Before your computer can collect data from mine -- like email or web text or pictures, your computer has to know where to find mine. If you remember your parents telling you how big of a world it is out there, perhaps you can appreciate that it is much, much bigger than they could imagine. No team of humans of any size could navigate it, but, for a computer, it is just a matter of four numbers from zero to 255. Every computer providing information to others on the Internet has an Internet Protocol (IP) address in the form mmm.nnn.ooo.ppp, where mmm through ppp are integers from zero to 255.
To translate a domain name like wap.org to a number, your computer looks up the number at a domain name server (DNS). There are many DNS servers, so your computer must first send its inquiry to a top-level domain (.tld) registrar, where it finds out which domain name server has your records. It then goes to the proper DNS. If I control how that DNS answers -- or if that DNS allows me, I can fool your computer into reporting that it is visiting my server when it is getting its data someplace else.
First, of course, you will need to design your web pages, but that is beyond the scope of this article. I did discuss that in the first of this series, which remains web-posted at:
but there are plenty of better sources to teach you how to create a simple web page using freeware, shareware, or common, and often free, commercial products like Netscape Composer. There are web pages in the members' sections of the Pi web site and free handbooks at AOL, and a million other free sources on how to create a web page. I personally found Netscape Composer so easy to use that I created my first web page in a couple of hours. With a little practice, you can create a new web page in a few minutes.
Second, you will need an active email account. You will be masking the account, so the account or domain names are unimportant. Your Washington Apple Pi email account will do fine, as will a free Yahoo, Netzero, or Hotmail account. An AOL account will also work well. I prefer POP mail, in which you receive your email directly instead of through an ad-ridden web page, and the WAP account works fine for that.
Next, you need one or more domains that you own or control. I covered this in the first article, but the market has changed since then. There is a review of various registrars in a sidebar to the third article in the series, found at:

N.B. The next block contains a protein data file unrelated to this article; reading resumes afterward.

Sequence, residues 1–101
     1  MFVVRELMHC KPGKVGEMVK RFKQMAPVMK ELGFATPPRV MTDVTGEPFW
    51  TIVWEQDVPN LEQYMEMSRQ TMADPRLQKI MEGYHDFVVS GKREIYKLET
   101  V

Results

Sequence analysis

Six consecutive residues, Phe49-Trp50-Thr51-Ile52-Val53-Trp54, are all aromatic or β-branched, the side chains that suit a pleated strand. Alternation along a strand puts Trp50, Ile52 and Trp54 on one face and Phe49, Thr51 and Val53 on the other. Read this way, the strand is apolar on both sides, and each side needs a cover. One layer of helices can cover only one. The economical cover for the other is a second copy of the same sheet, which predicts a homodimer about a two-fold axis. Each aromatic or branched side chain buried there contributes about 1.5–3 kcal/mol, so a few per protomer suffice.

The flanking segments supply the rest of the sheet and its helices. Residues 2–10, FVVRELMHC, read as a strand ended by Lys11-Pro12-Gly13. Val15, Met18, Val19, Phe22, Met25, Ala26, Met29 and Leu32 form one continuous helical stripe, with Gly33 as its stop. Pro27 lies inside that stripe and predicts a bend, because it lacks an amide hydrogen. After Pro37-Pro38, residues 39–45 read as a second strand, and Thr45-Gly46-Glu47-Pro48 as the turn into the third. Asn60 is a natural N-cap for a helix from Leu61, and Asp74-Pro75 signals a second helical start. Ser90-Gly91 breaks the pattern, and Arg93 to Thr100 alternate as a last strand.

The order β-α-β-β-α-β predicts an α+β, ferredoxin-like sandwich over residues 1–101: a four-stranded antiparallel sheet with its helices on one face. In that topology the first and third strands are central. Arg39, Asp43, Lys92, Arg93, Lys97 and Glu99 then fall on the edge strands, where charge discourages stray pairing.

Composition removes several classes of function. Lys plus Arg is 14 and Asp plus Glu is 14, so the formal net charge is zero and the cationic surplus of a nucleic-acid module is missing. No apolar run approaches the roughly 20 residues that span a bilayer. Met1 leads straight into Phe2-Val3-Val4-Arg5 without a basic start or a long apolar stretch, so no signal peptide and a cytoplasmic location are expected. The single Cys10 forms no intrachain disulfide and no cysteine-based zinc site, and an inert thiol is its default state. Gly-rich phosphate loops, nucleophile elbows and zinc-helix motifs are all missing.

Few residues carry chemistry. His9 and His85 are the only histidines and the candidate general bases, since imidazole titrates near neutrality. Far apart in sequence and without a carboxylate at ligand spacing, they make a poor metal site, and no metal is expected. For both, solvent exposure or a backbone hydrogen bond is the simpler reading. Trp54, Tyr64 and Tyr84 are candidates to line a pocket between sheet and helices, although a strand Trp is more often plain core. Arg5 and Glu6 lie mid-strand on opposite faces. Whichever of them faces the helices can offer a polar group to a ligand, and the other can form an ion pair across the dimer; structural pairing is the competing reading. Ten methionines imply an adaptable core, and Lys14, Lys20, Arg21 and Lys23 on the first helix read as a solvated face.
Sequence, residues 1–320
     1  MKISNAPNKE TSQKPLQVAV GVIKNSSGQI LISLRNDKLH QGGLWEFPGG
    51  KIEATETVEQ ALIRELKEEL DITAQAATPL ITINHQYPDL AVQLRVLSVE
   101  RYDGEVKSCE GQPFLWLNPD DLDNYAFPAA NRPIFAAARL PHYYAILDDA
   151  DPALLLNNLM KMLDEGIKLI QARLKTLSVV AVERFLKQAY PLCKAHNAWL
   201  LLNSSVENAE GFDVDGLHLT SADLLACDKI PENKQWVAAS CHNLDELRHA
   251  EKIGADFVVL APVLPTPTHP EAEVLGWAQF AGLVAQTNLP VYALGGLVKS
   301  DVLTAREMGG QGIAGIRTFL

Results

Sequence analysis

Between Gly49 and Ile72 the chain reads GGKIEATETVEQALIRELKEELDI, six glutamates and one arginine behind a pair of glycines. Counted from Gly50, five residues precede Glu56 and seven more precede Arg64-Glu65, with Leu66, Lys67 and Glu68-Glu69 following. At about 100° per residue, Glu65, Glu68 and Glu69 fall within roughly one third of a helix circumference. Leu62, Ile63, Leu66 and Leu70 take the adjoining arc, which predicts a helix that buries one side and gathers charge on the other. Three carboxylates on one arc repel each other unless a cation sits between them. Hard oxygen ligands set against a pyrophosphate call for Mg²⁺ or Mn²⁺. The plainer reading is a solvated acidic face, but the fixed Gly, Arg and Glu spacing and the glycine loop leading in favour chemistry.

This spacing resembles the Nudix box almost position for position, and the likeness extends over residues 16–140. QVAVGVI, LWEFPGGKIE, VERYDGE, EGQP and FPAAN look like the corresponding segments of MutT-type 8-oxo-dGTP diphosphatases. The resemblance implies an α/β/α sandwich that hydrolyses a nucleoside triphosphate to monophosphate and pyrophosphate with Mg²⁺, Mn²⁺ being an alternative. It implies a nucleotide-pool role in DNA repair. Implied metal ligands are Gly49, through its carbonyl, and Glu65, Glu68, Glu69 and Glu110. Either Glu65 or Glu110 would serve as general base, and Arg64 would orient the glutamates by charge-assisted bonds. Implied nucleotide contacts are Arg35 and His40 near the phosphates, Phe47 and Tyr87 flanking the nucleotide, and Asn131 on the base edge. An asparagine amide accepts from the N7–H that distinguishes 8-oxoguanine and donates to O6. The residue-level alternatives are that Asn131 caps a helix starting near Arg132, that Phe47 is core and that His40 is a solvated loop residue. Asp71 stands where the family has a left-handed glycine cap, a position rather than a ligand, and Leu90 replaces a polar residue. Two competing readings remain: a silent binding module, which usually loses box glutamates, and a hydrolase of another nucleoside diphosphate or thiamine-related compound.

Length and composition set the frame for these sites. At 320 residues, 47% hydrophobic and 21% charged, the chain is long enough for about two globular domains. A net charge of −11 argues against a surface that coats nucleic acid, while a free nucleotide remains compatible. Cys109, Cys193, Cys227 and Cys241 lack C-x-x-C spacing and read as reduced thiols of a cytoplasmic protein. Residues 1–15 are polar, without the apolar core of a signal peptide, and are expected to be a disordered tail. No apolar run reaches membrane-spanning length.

My personal favorite is StargateInc.Net, whose web site is at http://www.StargateInc.Net/.
Stargate, like many registrars, offers free domain name servers, which are the servers that tell the world how to find your web site, and free URL redirection. Since URL redirection is the key to the trick discovered in this article, it is possible that you could create virtual servers without ZoneEdit. I have not done that for a few reasons that may become more apparent as we step through this article.
The trick we're going to use is to place our web pages and email on a free source, and to use URL and email redirection further up the pipeline to create the appearance that you have your own server while cloaking the reality that your page content and email service are coming from another source. To do this, it might be useful to understand how a computer on the Internet gets information from another computer on the Internet. Take a look at the sidebar, "Knock, Knock!"
We need to control the URL service, and I find ZoneEdit to be the easiest way to do that. If you don't need web redundancy or back-up email, and you have five or fewer domain names, their service is free.
Uploading to the web server you choose is easy. If you're using AOL, try http://members.aol.com/websupport/upload/fetch.htm. The Washington Apple Pi TCS starts you at http://members.wap.org/ with simple directions and community rules. Basically, it is as simple as downloading a free copy of Fetch 3.0.3 -- many pundits eschew the more recent and more feature-laden Fetch 4.1 -- and following its easy interface.
For ease in remembering your cloaked URL, each of the hyperlinks to your web pages should be re-titled as subdomains of your domain. This should not be technically necessary, since the URL forwarding should work for files within a forwarded domain, but I got it to work faster by treating individual web pages as subdomains. Thus, the page I uploaded to members.wap.org as resume.html is called in web pages linking to it http://resume.SternbergLaw.Net/. Its true URL on the web is the unmemorable address http://members.wap.org/r.sternberg/resume.html, but it will appear to the world to be http://resume.SternbergLaw.Net/.
Open the ZoneEdit interface, as shown below in Fig. 2. Click on the blue-colored words Web Forwards. A new, simple interface appears.
Fig.2: Picture of MetroWashingtonLaw.com View at ZoneEdit.com. Click on the image for a larger view. (No, there is no Fig. 1 - ed.)
On the Web Forwards page, one page at a time, ** enter the newly renamed subdomain for each of your web pages on the left side, like resume.SternbergLaw.Net. Enter the real URL on the right, like http://members.wap.org/r.sternberg/resume.html. Click the box to cloak the forwarding.
Fig. 3: MetroWashingtonLaw.com Web Forwards at ZoneEdit.com. Click on the image for a larger view.
The virtual servers we are discussing don't exist. They have no IP address. They are hosted on no computer. They can't receive your email. Notwithstanding Sartre, the non-existence of your domain doesn't have to disturb its utility. There are many providers of free web-based email, like Yahoo.com, mac.com, Hotmail.com, and a few others. An AOL account can be used, as well. There may even be a few remaining free POP-mail accounts, such as netzero.com and juno.com were at one time. I prefer using my Washington Apple Pi TCS POP account, because a POP account allows you to eliminate unwanted advertising and partially cloak the actual server. My emails sent to Richard@MetroWashingtonLaw.com, Richard@Sternberg.org, and most of my other accounts are being redirected to my TCS account as I test this article.